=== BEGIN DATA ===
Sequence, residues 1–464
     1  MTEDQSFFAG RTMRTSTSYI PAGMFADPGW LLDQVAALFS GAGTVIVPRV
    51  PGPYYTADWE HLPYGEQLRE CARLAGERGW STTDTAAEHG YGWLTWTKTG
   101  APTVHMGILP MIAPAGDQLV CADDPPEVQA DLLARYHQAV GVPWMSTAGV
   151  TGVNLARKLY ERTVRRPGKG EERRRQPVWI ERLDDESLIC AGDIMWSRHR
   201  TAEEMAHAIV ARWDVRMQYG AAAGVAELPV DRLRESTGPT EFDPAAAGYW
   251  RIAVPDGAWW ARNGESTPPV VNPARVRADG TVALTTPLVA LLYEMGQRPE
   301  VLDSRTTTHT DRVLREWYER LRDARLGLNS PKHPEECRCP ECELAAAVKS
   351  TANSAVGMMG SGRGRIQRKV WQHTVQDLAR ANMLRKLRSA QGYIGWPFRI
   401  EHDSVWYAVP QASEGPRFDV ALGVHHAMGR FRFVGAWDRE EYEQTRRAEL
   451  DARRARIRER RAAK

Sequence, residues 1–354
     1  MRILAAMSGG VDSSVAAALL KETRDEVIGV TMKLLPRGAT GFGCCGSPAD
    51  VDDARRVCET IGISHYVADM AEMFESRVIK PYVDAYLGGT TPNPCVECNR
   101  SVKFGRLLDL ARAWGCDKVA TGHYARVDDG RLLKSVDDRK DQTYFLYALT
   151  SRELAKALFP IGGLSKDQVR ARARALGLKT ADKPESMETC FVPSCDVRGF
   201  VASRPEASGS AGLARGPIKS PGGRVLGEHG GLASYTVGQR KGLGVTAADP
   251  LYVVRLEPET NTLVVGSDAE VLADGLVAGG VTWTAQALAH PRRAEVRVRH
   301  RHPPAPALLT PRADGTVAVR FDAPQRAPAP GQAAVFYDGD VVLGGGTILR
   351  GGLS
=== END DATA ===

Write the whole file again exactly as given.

Sequence, residues 1–464
     1  MTEDQSFFAG RTMRTSTSYI PAGMFADPGW LLDQVAALFS GAGTVIVPRV
    51  PGPYYTADWE HLPYGEQLRE CARLAGERGW STTDTAAEHG YGWLTWTKTG
   101  APTVHMGILP MIAPAGDQLV CADDPPEVQA DLLARYHQAV GVPWMSTAGV
   151  TGVNLARKLY ERTVRRPGKG EERRRQPVWI ERLDDESLIC AGDIMWSRHR
   201  TAEEMAHAIV ARWDVRMQYG AAAGVAELPV DRLRESTGPT EFDPAAAGYW
   251  RIAVPDGAWW ARNGESTPPV VNPARVRADG TVALTTPLVA LLYEMGQRPE
   301  VLDSRTTTHT DRVLREWYER LRDARLGLNS PKHPEECRCP ECELAAAVKS
   351  TANSAVGMMG SGRGRIQRKV WQHTVQDLAR ANMLRKLRSA QGYIGWPFRI
   401  EHDSVWYAVP QASEGPRFDV ALGVHHAMGR FRFVGAWDRE EYEQTRRAEL
   451  DARRARIRER RAAK

Sequence, residues 1–354
     1  MRILAAMSGG VDSSVAAALL KETRDEVIGV TMKLLPRGAT GFGCCGSPAD
    51  VDDARRVCET IGISHYVADM AEMFESRVIK PYVDAYLGGT TPNPCVECNR
   101  SVKFGRLLDL ARAWGCDKVA TGHYARVDDG RLLKSVDDRK DQTYFLYALT
   151  SRELAKALFP IGGLSKDQVR ARARALGLKT ADKPESMETC FVPSCDVRGF
   201  VASRPEASGS AGLARGPIKS PGGRVLGEHG GLASYTVGQR KGLGVTAADP
   251  LYVVRLEPET NTLVVGSDAE VLADGLVAGG VTWTAQALAH PRRAEVRVRH
   301  RHPPAPALLT PRADGTVAVR FDAPQRAPAP GQAAVFYDGD VVLGGGTILR
   351  GGLS